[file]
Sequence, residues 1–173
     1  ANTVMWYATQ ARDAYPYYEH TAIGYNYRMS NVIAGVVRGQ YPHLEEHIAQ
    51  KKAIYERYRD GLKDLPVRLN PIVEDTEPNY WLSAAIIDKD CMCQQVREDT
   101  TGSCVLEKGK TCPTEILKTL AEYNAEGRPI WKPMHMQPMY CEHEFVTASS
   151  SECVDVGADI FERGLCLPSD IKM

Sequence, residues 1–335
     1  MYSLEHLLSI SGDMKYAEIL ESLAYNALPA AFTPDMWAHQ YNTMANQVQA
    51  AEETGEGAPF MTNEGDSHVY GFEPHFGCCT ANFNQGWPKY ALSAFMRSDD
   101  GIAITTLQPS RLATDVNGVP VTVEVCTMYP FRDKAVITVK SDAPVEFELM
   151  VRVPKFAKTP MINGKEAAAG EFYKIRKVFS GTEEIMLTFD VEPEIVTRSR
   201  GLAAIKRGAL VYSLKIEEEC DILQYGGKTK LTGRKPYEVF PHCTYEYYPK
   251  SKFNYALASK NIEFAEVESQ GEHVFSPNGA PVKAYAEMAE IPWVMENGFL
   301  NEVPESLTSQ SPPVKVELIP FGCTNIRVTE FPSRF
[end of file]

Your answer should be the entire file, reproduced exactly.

Sequence, residues 1–173
     1  ANTVMWYATQ ARDAYPYYEH TAIGYNYRMS NVIAGVVRGQ YPHLEEHIAQ
    51  KKAIYERYRD GLKDLPVRLN PIVEDTEPNY WLSAAIIDKD CMCQQVREDT
   101  TGSCVLEKGK TCPTEILKTL AEYNAEGRPI WKPMHMQPMY CEHEFVTASS
   151  SECVDVGADI FERGLCLPSD IKM

Sequence, residues 1–335
     1  MYSLEHLLSI SGDMKYAEIL ESLAYNALPA AFTPDMWAHQ YNTMANQVQA
    51  AEETGEGAPF MTNEGDSHVY GFEPHFGCCT ANFNQGWPKY ALSAFMRSDD
   101  GIAITTLQPS RLATDVNGVP VTVEVCTMYP FRDKAVITVK SDAPVEFELM
   151  VRVPKFAKTP MINGKEAAAG EFYKIRKVFS GTEEIMLTFD VEPEIVTRSR
   201  GLAAIKRGAL VYSLKIEEEC DILQYGGKTK LTGRKPYEVF PHCTYEYYPK
   251  SKFNYALASK NIEFAEVESQ GEHVFSPNGA PVKAYAEMAE IPWVMENGFL
   301  NEVPESLTSQ SPPVKVELIP FGCTNIRVTE FPSRF